Dealing with every workman as a separate individual in this way involved the building of a labor office for the superintendent and clerks who were in charge of this section of the work. In this office every laborer’s work was planned out well in advance, and the workmen were all moved from place to place by the clerks with elaborate diagrams or maps of the yard before them, very much as chessmen are moved on a chess-board, a telephone and messenger system having been installed for this purpose. In this way a large amount of the time lost through having too many men in one place and too few in another, and through waiting between jobs, was entirely eliminated. Under the old system the workmen were kept day after day in comparatively large gangs, each under a single foreman, and the gang was apt to remain of pretty nearly the same size whether there was much or little of the particular kind of work on hand which this foreman had under his charge, since each gang had to be kept large enough to handle whatever work in its special line was likely to come along.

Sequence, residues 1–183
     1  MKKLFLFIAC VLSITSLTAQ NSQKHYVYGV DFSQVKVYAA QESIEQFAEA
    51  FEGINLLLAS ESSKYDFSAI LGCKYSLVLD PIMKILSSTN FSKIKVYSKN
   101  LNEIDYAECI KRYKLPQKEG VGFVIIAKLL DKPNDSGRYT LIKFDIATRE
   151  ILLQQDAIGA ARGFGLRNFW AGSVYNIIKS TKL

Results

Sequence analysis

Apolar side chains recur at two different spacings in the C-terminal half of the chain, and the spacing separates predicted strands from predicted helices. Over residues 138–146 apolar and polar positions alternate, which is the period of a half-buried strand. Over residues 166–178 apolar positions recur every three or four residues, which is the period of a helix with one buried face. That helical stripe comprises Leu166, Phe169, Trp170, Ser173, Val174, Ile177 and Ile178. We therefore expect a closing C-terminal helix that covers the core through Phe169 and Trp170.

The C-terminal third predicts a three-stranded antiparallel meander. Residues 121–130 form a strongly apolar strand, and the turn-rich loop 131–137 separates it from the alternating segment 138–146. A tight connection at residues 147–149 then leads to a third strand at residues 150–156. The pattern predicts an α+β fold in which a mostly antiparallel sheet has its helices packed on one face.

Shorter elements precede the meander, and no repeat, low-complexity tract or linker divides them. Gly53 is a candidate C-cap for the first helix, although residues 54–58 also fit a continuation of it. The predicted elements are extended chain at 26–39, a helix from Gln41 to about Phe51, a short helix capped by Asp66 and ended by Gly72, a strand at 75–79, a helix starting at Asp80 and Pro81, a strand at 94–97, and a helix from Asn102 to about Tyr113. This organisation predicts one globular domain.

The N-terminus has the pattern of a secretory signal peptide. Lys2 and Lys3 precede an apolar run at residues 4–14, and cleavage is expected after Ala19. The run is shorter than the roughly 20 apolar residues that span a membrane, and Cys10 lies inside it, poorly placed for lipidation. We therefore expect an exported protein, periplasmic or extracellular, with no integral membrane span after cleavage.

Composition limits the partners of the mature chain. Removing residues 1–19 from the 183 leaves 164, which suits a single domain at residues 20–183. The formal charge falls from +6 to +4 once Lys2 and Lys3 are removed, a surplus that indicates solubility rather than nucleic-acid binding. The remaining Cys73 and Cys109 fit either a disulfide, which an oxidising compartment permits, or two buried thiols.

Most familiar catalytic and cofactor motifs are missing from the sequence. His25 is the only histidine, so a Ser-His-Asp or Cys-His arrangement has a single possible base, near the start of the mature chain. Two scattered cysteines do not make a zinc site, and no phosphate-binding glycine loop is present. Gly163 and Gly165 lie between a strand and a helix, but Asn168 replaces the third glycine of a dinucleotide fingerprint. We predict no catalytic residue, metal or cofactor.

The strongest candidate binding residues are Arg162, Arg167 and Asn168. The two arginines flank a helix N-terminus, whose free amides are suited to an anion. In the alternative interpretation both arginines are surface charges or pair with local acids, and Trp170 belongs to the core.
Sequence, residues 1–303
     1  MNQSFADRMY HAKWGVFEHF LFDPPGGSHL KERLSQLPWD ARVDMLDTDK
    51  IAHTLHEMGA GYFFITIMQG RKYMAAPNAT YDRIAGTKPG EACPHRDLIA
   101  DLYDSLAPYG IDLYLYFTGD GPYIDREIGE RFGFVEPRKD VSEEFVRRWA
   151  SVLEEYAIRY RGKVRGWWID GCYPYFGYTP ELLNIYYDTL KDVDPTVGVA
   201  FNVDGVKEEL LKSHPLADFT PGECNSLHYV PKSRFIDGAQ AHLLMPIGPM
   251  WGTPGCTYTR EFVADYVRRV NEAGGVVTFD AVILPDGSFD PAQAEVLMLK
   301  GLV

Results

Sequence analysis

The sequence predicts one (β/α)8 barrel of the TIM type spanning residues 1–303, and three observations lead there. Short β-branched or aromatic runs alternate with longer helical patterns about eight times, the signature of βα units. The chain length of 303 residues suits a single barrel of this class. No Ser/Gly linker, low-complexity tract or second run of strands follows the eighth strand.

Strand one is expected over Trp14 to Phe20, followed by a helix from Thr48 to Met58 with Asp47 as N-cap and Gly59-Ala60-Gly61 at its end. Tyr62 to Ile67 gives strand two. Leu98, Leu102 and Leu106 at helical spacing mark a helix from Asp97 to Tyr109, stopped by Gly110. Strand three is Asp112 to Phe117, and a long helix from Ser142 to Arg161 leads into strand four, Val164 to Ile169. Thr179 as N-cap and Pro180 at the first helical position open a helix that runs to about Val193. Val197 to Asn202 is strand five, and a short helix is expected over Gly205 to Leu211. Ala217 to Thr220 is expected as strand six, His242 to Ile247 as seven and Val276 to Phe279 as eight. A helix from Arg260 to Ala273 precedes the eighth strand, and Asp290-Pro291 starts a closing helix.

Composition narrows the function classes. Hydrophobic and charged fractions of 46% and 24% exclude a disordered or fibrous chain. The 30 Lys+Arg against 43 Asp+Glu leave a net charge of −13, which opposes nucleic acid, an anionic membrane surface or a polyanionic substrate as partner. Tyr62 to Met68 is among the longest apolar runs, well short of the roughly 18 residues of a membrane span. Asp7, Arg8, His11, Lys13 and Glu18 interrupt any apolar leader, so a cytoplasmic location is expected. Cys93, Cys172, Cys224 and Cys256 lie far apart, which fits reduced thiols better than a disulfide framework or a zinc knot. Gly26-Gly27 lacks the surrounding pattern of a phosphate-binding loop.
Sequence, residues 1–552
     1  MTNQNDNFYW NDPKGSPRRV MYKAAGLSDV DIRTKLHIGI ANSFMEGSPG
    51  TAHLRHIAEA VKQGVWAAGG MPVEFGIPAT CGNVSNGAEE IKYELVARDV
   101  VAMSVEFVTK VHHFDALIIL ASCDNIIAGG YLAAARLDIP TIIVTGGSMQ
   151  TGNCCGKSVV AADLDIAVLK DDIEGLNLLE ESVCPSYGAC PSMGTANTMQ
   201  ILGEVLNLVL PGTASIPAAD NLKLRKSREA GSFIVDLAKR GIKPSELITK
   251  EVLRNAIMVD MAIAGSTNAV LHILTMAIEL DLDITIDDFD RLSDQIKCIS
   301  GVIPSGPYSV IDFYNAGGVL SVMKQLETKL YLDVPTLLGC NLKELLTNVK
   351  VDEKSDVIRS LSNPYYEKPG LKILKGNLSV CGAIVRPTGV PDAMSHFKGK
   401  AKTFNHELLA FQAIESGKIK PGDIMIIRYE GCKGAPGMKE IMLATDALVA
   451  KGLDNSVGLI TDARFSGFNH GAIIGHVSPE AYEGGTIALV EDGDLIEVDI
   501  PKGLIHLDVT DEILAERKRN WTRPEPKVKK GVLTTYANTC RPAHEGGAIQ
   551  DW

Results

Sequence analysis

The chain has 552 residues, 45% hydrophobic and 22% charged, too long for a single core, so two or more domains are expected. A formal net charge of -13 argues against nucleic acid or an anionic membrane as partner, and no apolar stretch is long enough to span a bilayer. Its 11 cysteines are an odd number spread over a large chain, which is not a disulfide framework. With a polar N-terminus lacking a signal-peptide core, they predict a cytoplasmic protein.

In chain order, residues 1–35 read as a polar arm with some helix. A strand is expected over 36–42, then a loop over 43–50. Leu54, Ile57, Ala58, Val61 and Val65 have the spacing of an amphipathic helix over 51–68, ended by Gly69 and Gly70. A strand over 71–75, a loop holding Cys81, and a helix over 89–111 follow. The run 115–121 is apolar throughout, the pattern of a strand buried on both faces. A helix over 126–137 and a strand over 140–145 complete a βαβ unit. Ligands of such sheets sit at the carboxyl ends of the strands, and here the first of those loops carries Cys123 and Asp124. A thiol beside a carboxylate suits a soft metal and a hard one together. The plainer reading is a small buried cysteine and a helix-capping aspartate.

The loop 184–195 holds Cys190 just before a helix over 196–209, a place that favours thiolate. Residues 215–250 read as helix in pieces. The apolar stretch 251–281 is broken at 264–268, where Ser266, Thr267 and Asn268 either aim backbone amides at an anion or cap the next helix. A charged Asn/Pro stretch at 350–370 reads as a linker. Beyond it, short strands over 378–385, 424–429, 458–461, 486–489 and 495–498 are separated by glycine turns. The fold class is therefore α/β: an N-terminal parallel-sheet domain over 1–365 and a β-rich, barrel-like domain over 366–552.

When one ceases to deal with men in large gangs or groups, and proceeds to study each workman as an individual, if the workman fails to do his task, some competent teacher should be sent to show him exactly how his work can best be done, to guide, help, and encourage him, and, at the same time, to study his possibilities as a workman. So that, under the plan which individualizes each workman, instead of brutally discharging the man or lowering his wages for failing to make good at once, he is given the time and the help required to make him proficient at his present job, or he is shifted to another class of work for which he is either mentally or physically better suited.

All of this requires the kindly cooperation of the management, and involves a much more elaborate organization and system than the old-fashioned herding of men in large gangs. This organization consisted, in this case, of one set of men, who were engaged in the development of the science of laboring through time study, such as has been described above; another set of men, mostly skilled laborers themselves, who were teachers, and who helped and guided the men in their work; another set of tool-room men who provided them with the proper implements and kept them in perfect order, and another set of clerks who planned the work well in advance, moved the men with the least loss of time from one place to another, and properly recorded each man’s earnings, etc. And this furnishes an elementary illustration of what has been referred to as cooperation between the management and the workmen.